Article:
What Will happen to You If You Harbor a Fugitive
Harboring a fugitive is a serious criminal offense that can lead to imprisonment and monetary fines. The exact penalties depend on factors like the severity of the case and the jurisdiction’s laws.
In general, harboring a fugitive means knowingly aiding someone fleeing from arrest or prosecution after committing a crime. This aid could include hiding, sheltering, or helping the fugitive escape.
Federal penalties can be up to 5 years in prison and/or fines up to $250,000. If the fugitive is a terrorist, the sentence could be life behind bars. Specific penalties vary based on the fugitive’s alleged crime:
- Up to 5 years in prison or fines for harboring a felony fugitive.
- Up to 1 year jailed or fined for harboring a non-felony fugitive.
- Up to 3 years jailed for harboring an escaped prisoner.
In some places, like Nevada, the charge is being an “accessory” instead of harboring. This applies if someone hides evidence or the fugitive. Being an accessory in Nevada is a class C felony with 1-5 years in prison and up to $10,000 fines.
Differences Between States
Laws and penalties vary from state to another as these example illustrate:
- In Florida, harboring a fugitive is a third-degree felony with up to 5 years in prison and $5,000 fines.
- In Texas, harboring a misdemeanor fugitive leads to up to 1 year jailed. But assisting a felony fugitive can mean up to 5 years imprisoned.
To be convicted, the state must prove the defendant knew or had reason to believe they were aiding a fugitive. Unintentional help does not qualify as harboring.
Comparing Harboring and Assisting Fugitives
Harboring means knowingly sheltering or hiding a fugitive. Just being unaware of fugitive status does not constitute harboring.
Assisting is a broader term for any intentional aid hindering capture, prosecution, or punishment. This could include escape help or financial aid. But just providing money or failing to reveal a location is not necessarily harboring.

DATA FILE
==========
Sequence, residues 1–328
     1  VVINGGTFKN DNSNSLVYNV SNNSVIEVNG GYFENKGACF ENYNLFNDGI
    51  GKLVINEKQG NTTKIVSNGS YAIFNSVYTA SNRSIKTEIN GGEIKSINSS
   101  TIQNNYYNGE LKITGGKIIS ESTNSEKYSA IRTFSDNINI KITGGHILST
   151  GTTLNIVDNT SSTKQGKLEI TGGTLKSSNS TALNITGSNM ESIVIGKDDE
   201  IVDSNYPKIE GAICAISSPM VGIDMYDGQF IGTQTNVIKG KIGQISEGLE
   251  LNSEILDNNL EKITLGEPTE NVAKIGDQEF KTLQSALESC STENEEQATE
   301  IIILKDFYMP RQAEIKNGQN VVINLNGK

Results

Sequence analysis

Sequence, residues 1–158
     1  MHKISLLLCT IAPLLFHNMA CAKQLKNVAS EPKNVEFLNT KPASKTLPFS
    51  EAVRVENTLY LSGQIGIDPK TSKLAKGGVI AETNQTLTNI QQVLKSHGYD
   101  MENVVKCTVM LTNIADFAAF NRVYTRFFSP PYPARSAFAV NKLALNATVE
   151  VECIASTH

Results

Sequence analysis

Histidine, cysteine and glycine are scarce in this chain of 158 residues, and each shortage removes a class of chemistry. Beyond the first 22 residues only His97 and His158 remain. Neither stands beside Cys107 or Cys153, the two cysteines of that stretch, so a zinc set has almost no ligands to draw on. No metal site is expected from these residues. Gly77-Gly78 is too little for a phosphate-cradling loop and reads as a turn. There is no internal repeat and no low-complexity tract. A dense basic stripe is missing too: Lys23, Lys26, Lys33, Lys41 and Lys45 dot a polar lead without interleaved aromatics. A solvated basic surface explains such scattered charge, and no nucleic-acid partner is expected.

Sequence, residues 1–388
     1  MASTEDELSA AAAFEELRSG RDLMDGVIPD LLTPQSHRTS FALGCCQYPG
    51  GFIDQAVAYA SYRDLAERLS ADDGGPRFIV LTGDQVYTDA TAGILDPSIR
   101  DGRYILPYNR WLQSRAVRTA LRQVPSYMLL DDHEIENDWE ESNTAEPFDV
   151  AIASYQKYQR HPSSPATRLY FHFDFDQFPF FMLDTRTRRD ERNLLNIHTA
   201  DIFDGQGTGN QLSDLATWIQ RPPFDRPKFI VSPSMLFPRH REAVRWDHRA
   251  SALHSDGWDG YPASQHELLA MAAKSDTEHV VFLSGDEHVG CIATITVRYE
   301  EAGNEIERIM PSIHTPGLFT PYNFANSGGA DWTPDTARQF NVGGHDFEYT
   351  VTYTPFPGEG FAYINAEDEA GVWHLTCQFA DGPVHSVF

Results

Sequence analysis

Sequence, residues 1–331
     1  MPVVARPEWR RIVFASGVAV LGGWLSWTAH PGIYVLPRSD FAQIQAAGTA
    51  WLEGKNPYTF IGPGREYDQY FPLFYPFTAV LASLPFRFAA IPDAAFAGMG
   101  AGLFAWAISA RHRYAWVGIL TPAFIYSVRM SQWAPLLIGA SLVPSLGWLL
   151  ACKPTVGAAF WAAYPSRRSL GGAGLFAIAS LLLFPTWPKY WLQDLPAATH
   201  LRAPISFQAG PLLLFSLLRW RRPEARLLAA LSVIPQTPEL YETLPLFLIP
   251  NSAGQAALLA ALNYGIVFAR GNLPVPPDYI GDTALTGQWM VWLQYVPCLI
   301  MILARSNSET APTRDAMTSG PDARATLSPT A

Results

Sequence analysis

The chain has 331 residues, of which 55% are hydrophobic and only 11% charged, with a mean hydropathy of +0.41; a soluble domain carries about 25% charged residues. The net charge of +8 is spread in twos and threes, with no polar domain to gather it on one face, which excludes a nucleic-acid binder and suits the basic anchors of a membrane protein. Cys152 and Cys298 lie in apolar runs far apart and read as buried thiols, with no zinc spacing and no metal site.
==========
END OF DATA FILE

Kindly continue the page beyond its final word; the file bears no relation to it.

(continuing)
Both crimes can lead to fines and incarceration, with harsher penalties for more severe fugitive crimes. The specific laws and penalties vary between jurisdictions.
Seeking Legal Counsel Anyone potentially accused of harboring or assisting a fugitive should immediately consult a criminal defense attorney. The laws and penalties surrounding these crimes are complex. Qualified legal advice is crucial.
Recommended Sources for Further Reading:
1) https://www.law.cornell.edu/uscode/text/18/1072 – This links to the US Code defining federal penalties for harboring certain fugitives like escaped prisoners. It is from the Legal Information Institute at Cornell Law School.
2) https://www.shouselaw.com/nv/defense/laws/accessory-after-the-fact/ – This links to the Nevada laws on being an accessory after the fact from the Shouse California Law Group’s website. It summarizes the charges and penalties.
3) http://www.leg.state.fl.us/statutes/index.cfm?App_mode=Display_Statute&URL=0700-0799/0775/Sections/0775.082.html – This links to the Florida statute defining penalties for third degree felonies, including fines and imprisonment terms. It is from the official Florida state legislature website.
4) https://statutes.capitol.texas.gov/Docs/PE/htm/PE.38.htm – This links to the Texas penalties for harboring fugitives from the official Texas state legislature website. It details the charges and punishment ranges.
5) https://www.justice.gov/jm/criminal-resource-manual-2466-elements-harboring-offense – This is from the US Department of Justice and summarizes the legal elements required to prove harboring charges.
6) https://www.americanbar.org/groups/public_education/public-information/how-do-i-find-a-lawyer/ – This links to the American Bar Association’s tips on finding and hiring a lawyer for your specific legal situation.